“The bad thing is, there is no new thinking in that circle,” said one longtime operative in Democratic presidential campaigns who spoke on the condition of anonymity to be candid.

Eight other prominent Democratic strategists interviewed shared that view, describing Obama’s team as resistant to advice and assistance from those who are not part of its core. All of them spoke on the condition of anonymity as well.

Reading that, one is led to believe that the managers of the campaign pretty much believe that all they have to do is gin up a repeat of the 2008 campaign and they’ll sail into victory port with a few tattered sails but essentially intact.

If that’s truly what they believe, it is a very bad miscalculation.  

One, he’s the one with the record this time – and it isn’t a good one.  That’s reality.  It is his opponent who will have the luxury of pointing to it and talking about what he will “inherit”, not Obama.  And what he will inherit is going to be spun as worse than what Obama inherited.  I’d be surprised if the old “ask yourself, are you better off now than you were 4 years ago?” question doesn’t make a comeback.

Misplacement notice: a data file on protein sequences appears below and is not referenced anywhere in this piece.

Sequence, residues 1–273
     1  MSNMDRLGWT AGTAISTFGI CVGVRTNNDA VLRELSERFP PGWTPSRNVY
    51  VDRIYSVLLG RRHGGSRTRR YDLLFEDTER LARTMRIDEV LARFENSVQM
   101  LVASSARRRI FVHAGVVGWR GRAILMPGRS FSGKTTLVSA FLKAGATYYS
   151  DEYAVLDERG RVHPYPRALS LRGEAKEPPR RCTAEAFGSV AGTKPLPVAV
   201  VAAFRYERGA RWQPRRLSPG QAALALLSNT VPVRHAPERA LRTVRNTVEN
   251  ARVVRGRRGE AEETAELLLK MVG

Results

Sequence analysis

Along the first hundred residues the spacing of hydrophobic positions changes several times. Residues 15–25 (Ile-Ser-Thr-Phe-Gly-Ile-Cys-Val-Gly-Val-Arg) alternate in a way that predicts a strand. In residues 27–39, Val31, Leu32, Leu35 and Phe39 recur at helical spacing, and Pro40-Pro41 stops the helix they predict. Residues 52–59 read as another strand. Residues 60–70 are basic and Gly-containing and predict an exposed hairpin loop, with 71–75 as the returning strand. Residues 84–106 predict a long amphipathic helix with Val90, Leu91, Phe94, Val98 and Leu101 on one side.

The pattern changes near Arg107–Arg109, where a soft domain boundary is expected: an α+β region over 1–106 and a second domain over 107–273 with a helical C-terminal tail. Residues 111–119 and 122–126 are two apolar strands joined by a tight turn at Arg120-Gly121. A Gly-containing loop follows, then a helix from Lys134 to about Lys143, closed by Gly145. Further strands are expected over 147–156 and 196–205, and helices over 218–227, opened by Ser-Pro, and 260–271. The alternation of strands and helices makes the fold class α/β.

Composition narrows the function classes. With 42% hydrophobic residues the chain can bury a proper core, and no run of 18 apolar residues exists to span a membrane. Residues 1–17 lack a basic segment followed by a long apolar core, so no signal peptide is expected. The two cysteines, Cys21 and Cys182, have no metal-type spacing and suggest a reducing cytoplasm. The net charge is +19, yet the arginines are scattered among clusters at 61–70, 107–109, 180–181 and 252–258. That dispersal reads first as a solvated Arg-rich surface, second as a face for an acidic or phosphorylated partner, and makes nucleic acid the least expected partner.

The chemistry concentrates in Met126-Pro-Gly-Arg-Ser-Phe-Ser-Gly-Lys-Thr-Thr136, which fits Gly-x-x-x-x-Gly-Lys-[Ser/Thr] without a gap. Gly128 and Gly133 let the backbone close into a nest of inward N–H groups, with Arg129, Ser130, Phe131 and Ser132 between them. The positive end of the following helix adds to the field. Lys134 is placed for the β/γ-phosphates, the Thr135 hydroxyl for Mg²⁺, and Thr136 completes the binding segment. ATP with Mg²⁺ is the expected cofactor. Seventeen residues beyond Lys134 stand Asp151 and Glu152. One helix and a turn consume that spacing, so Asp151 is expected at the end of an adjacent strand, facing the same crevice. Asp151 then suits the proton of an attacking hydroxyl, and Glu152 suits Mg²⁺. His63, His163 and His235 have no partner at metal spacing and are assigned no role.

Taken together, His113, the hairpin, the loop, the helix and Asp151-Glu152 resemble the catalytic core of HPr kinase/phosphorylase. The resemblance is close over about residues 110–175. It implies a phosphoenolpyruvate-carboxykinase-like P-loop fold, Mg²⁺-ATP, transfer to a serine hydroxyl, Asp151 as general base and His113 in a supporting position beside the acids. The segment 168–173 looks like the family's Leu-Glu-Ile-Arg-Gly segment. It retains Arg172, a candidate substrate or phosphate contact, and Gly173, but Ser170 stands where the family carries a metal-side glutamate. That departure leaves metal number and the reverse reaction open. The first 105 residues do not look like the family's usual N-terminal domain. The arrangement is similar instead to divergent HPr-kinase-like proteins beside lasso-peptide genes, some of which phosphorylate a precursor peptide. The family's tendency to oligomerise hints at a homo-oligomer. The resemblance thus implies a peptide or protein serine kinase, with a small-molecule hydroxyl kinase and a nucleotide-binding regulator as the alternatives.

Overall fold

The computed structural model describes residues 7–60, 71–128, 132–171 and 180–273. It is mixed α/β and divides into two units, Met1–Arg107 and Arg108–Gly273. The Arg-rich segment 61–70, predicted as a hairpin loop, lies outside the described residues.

Two, it is obvious Obama’s support is eroding among all groupsStory after story are appearing showing even his base is at risk (not necessarily that they’ll vote for Romney, but instead may simply stay home).  We’re hearing the term “Reagan Democrats” again for the first time in years.   And, of course, as Peggy Noonan recently demonstrated via her column, even the RINOs for Obama are deserting him.   There’s also dissention in the ranks as more and more Democrats go “off message” or criticize him or his policies.

So now is not a time for arrogance or resistance to advice or assistance from others.  But that seems to be what is happening.  And this sort of “close the gates and man the walls” siege mentality isn’t unusual in high politics (given the egos involved).  But that it leads to is stuff like this, another version of the same tired blame game they’ve been pushing for 4 years:

"I love it when these guys talk about debt and deficits," Obama told supporters in Baltimore. "I inherited a trillion dollar deficit."

"We signed two trillion dollars in spending cuts into law," Obama said. "Spending under my administration has grown more slowly than under any president in 60 years."